Nanoscopic supermolecules with linear‐dendritic architecture: Their preparation and their supramolecular behavior

Jean M.J. Frechet*, Ivan Gitsov

*Corresponding author for this work

Research output: Contribution to journalArticlepeer-review

69 Scopus citations


The design, synthesis, and properties of supermolecules consisting of well defined assemblies of linear and globular macromolecules is studied. Therefore, several families of hybrid block polymers based on polyether dendrimers linked to well‐defined blocks of polyethylene oxide, polyethylene glycol, polyester, or polystyrene have been prepared. The unique topological macromolecules that result from the assembly of such components having different shapes and internal densities can assemble in highly stable supramolecular micelles whose characteristics vary as a function of the medium. The hybrid macromolecules are usually prepared by the nucleophilic displacement of a reactive functionality located at the focal point of a convergent polyether dendrimer, with a nucleophilic anion located at one or both chain ends of a linear polymer. Alternately, the focal point of the dendrimer may be used to attach a polymerizable vinyl group affording a dendritic macromonomer that may be used to create variety of copolymers. Finally, the focal point of the convergent dendrimer may serve as an initiator in the polymerization of a linear chain thereby affording the hybrid linear‐dendritic entity. In the latter case the unique microenvironment provided by the dendrimer is useful in the prevention of undesirable side‐reactions during growth of the linear block. This demonstrates that the differences between the globular and linear fragments of these unique molecules can be used to design nanoscale reactors that perform functions not normally achieved with small molecules. The very unusual solution properties of the dendritic‐linear supermolecules are a direct result of the forced combination of their dissimilar building blocks.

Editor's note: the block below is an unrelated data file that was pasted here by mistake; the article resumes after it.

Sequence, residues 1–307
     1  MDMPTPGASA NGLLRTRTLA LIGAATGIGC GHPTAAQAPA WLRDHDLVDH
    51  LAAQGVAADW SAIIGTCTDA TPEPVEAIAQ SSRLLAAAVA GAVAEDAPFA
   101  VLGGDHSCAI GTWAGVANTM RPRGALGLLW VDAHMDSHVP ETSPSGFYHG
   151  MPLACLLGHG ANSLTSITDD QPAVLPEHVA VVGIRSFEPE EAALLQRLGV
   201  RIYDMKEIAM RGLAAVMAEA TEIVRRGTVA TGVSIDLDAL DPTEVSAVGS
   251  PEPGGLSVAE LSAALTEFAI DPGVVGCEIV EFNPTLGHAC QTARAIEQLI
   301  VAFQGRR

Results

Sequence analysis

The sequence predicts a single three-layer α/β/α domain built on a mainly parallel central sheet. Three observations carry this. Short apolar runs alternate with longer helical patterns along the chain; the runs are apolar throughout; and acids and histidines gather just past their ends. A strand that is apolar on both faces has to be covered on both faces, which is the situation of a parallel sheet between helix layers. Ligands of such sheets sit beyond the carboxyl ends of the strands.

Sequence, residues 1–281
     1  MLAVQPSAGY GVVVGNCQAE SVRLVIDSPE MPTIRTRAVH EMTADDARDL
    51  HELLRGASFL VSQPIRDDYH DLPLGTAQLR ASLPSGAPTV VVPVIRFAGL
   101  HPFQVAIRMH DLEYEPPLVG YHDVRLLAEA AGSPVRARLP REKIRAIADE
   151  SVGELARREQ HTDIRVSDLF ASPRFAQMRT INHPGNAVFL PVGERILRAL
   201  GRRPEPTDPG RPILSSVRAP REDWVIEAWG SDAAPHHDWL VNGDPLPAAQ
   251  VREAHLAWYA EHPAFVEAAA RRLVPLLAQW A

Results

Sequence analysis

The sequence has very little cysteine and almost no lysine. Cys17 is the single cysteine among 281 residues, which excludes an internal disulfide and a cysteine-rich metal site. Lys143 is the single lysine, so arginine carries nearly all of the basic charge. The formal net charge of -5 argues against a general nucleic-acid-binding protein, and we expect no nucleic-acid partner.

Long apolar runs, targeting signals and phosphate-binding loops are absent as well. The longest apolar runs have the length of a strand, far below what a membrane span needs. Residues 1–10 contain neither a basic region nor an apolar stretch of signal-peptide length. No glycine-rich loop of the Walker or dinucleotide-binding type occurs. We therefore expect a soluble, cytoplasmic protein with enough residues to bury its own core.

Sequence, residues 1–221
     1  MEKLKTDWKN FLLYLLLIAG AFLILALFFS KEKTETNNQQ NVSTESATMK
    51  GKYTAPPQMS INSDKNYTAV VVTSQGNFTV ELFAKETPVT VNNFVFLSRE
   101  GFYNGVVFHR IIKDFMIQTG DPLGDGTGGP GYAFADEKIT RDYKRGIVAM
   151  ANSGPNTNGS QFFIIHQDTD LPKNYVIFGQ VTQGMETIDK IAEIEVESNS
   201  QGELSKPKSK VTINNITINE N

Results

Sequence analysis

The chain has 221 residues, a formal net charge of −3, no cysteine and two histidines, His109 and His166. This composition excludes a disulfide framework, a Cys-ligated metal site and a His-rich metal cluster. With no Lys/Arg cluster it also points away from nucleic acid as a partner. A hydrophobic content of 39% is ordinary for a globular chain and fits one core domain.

Original languageEnglish (US)
Pages (from-to)441-465
Number of pages25
JournalMacromolecular Symposia
Issue number1
StatePublished - Jul 1995
Externally publishedYes

ASJC Scopus subject areas

  • Condensed Matter Physics
  • Organic Chemistry
  • Polymers and Plastics
  • Materials Chemistry


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